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    Tracheitis

    Bacterial tracheitis; Acute bacterial tracheitis

    Tracheitis is a bacterial infection of the windpipe (trachea).

    Causes

    Bacterial tracheitis is most often caused by the bacteria Staphylococcus aureus. It often follows a recent viral upper respiratory infection. It affects mostly young children, possibly because their small trachea is easily blocked by swelling.

    Symptoms

    • Deep cough (similar to that caused by croup)
    • Difficulty breathing
    • High fever
    • High-pitched breathing sound (stridor)

    Exams and Tests

    The health care provider will perform a physical exam and listen to the child's lungs. The muscles between the ribs may pull in as the child tries to breathe. This is called intercostal retractions.

    Tests that may be done to diagnose this condition include:

    • Blood oxygen level
    • Nasopharyngeal culture to look for bacteria
    • Tracheal culture to look for bacteria
    • X-ray of the trachea

    Treatment

    The child often needs to have a tube placed into the airways to help with breathing. This is called an endotracheal tube.

    The child will receive antibiotics through a vein. The health care team will closely monitor the child's breathing and use oxygen, if needed.

    Outlook (Prognosis)

    With prompt treatment, the child should recover.

    Possible Complications

    • Airway obstruction -- can lead to death
    • Toxic shock syndrome -- if caused by the bacteria Staphylococcus

    When to Contact a Medical Professional

    Tracheitis is an emergency medical condition. Go to the emergency room right away if your child has had a recent upper respiratory infection and suddenly has a high fever, a cough that gets worse,or trouble breathing.

    References

    Duncan NO. Infections of the airway in children. In: Cummings CW, Flint PW, Haughey BH, et al, eds. Otolaryngology: Head & Neck Surgery. 5th ed. Philadelphia, PA: Elsevier Mosby; 2010:chap 197.

    Manno M. Pediatric respiratory emergencies: Upper airway obstruction and infections. In: Marx JA, Hockberger RS, Walls RM, et al, eds. Rosen's Emergency Medicine: Concepts and Clinical Practice. 7th ed. Philadelphia, PA: Elsevier Mosby; 2009:chap 166.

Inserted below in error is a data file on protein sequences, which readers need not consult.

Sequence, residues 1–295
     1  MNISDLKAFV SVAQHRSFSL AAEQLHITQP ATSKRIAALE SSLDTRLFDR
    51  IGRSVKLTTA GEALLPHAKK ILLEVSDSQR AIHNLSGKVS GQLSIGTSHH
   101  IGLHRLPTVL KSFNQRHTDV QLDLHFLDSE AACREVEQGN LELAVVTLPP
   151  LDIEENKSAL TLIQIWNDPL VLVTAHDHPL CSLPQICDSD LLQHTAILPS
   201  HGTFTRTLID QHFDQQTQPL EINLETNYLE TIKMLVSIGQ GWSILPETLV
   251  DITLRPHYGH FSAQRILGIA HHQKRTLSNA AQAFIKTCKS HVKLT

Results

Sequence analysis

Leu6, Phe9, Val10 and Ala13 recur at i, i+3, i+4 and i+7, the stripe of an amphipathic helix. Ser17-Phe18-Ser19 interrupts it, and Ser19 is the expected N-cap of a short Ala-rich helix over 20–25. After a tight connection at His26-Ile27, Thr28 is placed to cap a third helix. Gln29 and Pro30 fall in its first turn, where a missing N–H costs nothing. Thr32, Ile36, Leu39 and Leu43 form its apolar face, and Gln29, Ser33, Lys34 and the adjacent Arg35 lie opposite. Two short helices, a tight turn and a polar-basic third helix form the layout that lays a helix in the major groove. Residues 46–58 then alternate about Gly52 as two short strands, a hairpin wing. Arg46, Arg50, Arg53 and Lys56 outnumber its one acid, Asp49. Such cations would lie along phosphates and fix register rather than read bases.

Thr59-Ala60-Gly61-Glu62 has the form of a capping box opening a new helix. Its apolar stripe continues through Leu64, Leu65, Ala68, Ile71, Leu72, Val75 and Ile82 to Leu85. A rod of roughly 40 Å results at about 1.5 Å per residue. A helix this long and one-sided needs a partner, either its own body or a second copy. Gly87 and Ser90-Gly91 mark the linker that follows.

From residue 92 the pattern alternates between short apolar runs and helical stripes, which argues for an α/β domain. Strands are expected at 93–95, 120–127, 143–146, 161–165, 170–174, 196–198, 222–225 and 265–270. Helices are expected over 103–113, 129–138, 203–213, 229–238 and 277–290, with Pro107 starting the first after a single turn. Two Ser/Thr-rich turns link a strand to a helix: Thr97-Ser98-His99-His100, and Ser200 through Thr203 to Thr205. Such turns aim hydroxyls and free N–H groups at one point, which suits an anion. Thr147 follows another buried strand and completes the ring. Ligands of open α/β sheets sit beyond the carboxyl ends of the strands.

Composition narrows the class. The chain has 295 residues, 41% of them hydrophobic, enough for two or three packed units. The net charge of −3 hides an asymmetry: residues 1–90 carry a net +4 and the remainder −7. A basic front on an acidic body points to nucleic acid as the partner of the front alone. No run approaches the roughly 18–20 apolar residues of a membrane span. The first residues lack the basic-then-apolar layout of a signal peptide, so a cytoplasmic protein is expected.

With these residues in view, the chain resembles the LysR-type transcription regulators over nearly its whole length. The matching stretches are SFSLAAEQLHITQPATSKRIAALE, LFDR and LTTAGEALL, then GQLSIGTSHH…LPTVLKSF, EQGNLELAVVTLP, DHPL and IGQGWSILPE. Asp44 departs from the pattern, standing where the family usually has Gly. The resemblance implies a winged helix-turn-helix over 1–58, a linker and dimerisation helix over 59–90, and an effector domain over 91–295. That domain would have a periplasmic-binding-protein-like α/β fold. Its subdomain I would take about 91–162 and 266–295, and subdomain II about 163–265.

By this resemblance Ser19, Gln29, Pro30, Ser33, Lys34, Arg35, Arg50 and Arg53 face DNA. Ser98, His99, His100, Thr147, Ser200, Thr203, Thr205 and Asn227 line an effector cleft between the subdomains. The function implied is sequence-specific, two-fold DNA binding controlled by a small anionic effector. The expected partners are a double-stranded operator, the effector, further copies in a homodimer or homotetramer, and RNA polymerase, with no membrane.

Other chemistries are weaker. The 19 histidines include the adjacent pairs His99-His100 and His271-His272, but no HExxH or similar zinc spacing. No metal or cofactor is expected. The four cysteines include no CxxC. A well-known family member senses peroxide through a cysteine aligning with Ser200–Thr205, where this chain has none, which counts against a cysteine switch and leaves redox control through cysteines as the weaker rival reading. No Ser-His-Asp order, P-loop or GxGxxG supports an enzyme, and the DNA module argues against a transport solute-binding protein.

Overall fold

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          Tests for Tracheitis

            Review Date: 11/9/2012

            Reviewed By: Seth Schwartz, MD, MPH, Otolaryngologist, Virginia Mason Medical Center, Seattle, Washington. Also reviewed by A.D.A.M. Health Solutions, Ebix, Inc., Editorial Team: David Zieve, MD, MHA, David R. Eltz, Stephanie Slon, and Nissi Wang.

            The information provided herein should not be used during any medical emergency or for the diagnosis or treatment of any medical condition. A licensed medical professional should be consulted for diagnosis and treatment of any and all medical conditions. Links to other sites are provided for information only -- they do not constitute endorsements of those other sites. © 1997- A.D.A.M., Inc. Any duplication or distribution of the information contained herein is strictly prohibited.
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            St. Luke's Hospital - 232 South Woods Mill Road - Chesterfield, MO 63017 Main Number: 314-434-1500 Emergency Dept: 314-205-6990 Patient Billing: 888-924-9200
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